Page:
Today, when I was reading some blogposts on yoga and especially Ashtanga Yoga, I came upon a discussion between some blogs; the main question was: does an Ashtangi (that’s a person who practices Ashtanga) need to travel to Mysore, the founding place of this yoga tradition or not. After I had seen more then one blog arguing in favor of or against it, I read these lines:
“I’d argue that the deeper dimension can be found on your mat on any mat, that you don’t need to go anywhere for that but rather within.” (Anthony Grim Hall, called Grimmly)
That was the moment, when I realized, that without being an Ashtanga teacher or having been at this place myself, I knew the answer (at least for me) and I knew it for some time now. This one I had learned through watching Conan the Barbarian, the fantasy film from the 80ies, with Arnold Schwarzenegger as Conan.
While there are some scenes in that film, that might be worth a closer look, the scene I am talking about is the scene, where Conan and his friends are guests of king Osric, who has lost his daughter to a snake cult and wants the “heroes” to bring her back to him. He explains that she has left him to find the truth of her soul and rages “as if she couldn’t find it here“(that’s what he says in german, the original version is slightly different).
My perspective on that scene has changed over time and now is a symptom of how I think about questions like the Mysore or not question.
When I first saw the film, I was a young teenager with some interest in spiritual questions, reading about mystical things in other parts of the world or from other times (beside the usual interests of boys in this time and age: martial arts, computers, fantasy roleplaying games etc.). Without hesitation, I took the side of the misunderstood daughter against her bourgeois father. He was clearly wrong and not understanding his daughter.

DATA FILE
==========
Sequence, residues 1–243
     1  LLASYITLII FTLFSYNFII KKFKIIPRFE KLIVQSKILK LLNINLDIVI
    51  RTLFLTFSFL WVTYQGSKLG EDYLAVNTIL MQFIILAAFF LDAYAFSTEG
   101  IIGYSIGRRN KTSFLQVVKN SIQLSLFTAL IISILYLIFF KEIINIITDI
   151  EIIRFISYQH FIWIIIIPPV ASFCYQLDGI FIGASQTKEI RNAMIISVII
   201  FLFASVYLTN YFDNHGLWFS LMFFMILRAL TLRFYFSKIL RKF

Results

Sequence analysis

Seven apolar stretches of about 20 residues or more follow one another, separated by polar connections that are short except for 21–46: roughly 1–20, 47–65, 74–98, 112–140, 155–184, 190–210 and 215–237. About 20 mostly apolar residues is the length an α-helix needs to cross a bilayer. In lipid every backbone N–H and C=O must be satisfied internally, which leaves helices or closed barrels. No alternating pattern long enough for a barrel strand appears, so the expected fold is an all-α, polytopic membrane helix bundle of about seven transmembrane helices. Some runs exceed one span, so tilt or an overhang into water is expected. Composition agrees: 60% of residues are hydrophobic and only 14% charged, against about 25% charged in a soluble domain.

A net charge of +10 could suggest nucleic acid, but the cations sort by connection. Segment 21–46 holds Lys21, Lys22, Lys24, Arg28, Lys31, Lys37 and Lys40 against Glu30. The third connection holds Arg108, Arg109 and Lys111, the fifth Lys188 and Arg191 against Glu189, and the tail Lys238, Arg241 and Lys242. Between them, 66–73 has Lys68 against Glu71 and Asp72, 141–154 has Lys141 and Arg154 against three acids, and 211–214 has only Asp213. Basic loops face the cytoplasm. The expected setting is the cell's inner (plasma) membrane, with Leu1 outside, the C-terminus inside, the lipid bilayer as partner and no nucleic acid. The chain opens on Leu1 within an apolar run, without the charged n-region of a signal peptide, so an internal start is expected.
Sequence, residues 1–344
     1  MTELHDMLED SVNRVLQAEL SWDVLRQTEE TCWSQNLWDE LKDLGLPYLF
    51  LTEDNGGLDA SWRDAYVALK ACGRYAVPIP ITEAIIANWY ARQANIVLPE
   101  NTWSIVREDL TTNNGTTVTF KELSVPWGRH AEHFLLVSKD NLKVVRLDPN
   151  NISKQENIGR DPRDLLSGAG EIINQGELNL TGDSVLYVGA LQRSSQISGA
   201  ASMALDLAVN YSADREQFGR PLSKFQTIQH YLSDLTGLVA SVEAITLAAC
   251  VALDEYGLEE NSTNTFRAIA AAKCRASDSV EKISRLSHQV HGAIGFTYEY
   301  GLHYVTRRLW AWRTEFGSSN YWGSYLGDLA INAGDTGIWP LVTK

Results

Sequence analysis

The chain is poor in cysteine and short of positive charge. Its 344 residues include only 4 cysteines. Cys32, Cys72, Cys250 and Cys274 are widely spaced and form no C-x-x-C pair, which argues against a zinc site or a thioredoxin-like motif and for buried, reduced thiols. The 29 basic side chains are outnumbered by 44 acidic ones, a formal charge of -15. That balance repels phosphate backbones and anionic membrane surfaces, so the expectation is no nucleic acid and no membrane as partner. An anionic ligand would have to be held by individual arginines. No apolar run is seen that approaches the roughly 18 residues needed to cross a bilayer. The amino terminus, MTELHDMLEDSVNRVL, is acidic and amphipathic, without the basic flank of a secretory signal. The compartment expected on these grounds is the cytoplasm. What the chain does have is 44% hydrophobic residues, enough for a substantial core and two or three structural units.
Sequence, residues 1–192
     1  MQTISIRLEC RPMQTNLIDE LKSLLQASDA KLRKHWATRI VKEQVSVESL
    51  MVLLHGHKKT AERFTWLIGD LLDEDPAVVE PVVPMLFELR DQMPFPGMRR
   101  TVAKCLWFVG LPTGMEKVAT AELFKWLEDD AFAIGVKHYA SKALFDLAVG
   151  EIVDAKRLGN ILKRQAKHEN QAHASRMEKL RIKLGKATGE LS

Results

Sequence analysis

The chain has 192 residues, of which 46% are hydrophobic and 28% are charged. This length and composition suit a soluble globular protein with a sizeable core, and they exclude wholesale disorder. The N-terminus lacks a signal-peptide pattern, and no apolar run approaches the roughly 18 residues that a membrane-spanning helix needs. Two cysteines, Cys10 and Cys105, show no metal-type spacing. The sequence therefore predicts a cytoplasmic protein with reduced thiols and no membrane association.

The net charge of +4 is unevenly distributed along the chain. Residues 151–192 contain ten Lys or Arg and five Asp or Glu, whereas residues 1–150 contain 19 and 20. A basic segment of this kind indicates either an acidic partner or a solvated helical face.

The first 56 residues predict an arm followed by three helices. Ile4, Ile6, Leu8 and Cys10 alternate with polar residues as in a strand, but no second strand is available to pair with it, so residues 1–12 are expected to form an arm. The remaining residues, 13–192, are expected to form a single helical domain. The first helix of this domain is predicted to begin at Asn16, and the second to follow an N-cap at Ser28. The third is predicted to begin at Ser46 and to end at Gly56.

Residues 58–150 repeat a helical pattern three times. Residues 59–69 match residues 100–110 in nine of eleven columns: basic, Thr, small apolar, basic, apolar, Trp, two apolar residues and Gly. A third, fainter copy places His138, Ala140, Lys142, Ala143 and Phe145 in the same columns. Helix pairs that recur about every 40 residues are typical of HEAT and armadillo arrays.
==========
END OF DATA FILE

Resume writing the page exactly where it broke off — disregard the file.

After a few years, in my beginning twenties, I saw the film again and thought: Of course he is right. On one side, I was influenced in this by the different spiritual writings, that tend to say, that the truth, whatever it may be is to be found on the inside, in the heart, mind or soul of the seeker. Looking outside in “special” places only distracts from it. On the other side, the idea to travel to a special place (preferably in the east) to look for spiritual esperiences, seemed to my “adult”, “critical” mind (just beginning to study philosophy seriously) as only a form of orientalism. “What a stupid naive girl.”
Some more years had to pass, for me to find the answer that is still the one, that I would give to such a question: king Osric is right, that it is perfectly possible to find what you need at home, at the place, where you really live, but it is not always possible to get there on a direct way. Sometimes it is necessary to go a long way around only to arrive home. So if your think, you need to go, you probably really should, even when the result might be the realisation, that it would not have been necessary.
If you spot some kind of hegelian dialectics in this, you are free to do so. 😉